Exploring heart and soul: Effects of religiosity/spirituality and gender on blood pressure and cortisol stress responses

Jessica Tartaro, Linda Luecken, Heather E. Gunn

Research output: Contribution to journalArticlepeer-review

85 Scopus citations

Abstract

The current study investigated gender effects on the influence of self-reported religiosity and spirituality on cardiovascular and cortisol responses to a laboratory stressor among young adults. Participants with higher composite religiosity/spirituality scores, religiosity, levels of forgiveness and frequency of prayer showed lower cortisol responses. Greater composite religiosity/spirituality, religiosity, frequency of prayer and attendance at services were associated with lower blood pressure in males and elevated blood pressure in females. Findings suggest that spiritual and/or religious individuals may experience a protective effect against the neuroendocrine consequences of stress, though cardiovascular benefits may vary by gender. This work represents an important step in the convergence of multiple realms of research by linking physiological measures with indicators of individual belief systems.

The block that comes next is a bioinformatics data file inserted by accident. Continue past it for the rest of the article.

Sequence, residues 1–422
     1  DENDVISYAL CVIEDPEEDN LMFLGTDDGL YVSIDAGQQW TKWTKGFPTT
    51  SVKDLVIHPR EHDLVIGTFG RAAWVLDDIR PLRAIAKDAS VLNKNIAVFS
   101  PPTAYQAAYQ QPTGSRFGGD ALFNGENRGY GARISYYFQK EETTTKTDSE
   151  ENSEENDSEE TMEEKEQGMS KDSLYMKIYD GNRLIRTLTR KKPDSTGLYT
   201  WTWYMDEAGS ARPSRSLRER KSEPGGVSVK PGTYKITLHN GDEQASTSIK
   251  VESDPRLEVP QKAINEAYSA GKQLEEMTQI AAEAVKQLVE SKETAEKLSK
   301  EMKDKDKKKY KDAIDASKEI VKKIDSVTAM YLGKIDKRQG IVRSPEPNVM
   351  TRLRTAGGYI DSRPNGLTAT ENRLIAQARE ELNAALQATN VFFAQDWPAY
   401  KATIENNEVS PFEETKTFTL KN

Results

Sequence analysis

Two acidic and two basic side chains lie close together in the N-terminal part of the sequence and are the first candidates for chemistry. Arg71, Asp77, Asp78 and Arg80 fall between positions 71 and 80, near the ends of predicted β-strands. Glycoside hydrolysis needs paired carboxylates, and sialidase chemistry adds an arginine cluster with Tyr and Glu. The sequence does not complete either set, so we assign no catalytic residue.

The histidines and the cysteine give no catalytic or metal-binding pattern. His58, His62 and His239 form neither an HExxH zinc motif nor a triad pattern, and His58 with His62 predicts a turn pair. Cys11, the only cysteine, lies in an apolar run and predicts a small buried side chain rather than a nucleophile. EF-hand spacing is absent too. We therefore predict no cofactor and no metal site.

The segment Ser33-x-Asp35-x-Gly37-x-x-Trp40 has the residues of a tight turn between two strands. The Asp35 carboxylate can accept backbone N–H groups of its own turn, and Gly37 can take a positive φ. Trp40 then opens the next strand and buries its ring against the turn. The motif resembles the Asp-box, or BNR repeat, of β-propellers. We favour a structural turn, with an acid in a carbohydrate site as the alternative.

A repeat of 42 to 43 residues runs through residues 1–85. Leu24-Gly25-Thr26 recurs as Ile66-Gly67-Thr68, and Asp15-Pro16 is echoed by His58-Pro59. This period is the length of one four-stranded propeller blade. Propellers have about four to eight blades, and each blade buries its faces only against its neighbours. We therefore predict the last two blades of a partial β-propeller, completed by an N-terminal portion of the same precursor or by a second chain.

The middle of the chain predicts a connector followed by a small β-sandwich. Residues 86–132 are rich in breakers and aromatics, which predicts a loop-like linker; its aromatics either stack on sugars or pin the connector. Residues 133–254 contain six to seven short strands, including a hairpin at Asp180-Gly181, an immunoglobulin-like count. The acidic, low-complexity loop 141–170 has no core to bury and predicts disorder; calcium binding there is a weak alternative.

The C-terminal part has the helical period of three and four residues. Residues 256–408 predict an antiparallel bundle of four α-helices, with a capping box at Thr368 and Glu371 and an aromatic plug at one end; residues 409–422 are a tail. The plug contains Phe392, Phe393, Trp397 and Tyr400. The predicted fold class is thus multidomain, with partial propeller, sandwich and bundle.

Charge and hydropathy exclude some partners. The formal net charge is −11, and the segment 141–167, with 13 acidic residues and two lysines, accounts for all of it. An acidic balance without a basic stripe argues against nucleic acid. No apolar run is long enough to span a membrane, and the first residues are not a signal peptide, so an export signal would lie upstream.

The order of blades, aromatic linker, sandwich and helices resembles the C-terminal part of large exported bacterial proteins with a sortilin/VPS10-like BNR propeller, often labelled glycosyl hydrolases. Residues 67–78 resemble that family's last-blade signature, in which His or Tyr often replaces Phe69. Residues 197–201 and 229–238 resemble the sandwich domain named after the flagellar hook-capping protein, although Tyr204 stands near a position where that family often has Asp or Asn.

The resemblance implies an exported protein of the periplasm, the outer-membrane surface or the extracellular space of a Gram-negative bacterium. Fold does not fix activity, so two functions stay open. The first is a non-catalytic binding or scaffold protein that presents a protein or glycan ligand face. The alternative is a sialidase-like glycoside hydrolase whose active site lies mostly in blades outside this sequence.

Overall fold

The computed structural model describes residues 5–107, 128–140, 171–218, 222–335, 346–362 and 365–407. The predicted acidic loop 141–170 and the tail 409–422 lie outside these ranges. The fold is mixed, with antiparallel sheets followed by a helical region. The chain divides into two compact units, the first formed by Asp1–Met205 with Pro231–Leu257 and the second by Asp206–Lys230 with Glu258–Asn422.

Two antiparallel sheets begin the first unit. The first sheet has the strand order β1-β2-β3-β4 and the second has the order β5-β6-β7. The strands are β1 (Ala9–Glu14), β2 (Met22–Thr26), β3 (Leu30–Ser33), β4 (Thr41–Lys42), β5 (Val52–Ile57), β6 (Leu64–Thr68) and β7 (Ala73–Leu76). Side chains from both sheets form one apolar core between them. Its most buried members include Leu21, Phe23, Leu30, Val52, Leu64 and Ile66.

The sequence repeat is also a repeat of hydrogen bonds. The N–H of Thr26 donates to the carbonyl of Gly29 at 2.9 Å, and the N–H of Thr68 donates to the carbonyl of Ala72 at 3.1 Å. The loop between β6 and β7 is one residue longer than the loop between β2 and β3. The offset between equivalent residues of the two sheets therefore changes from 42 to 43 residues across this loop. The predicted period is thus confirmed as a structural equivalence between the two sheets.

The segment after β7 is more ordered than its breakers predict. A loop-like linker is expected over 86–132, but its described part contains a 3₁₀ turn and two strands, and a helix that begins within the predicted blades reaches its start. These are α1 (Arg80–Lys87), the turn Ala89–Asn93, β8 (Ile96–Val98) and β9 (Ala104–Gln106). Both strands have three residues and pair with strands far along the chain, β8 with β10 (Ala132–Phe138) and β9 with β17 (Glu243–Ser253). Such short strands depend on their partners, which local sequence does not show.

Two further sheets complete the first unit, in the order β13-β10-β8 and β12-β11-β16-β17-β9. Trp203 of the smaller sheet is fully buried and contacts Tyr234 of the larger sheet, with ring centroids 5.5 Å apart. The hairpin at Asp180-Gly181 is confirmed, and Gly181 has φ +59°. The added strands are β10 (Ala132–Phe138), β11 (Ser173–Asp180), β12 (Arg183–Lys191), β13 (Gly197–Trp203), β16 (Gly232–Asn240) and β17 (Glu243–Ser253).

Original languageEnglish (US)
Pages (from-to)753-766
Number of pages14
JournalJournal of Health Psychology
Volume10
Issue number6
DOIs
StatePublished - Nov 1 2005

Keywords

  • Cardiovascular
  • Cortisol
  • Reactivity
  • Religiosity
  • Spirituality
  • Stress

ASJC Scopus subject areas

  • Applied Psychology

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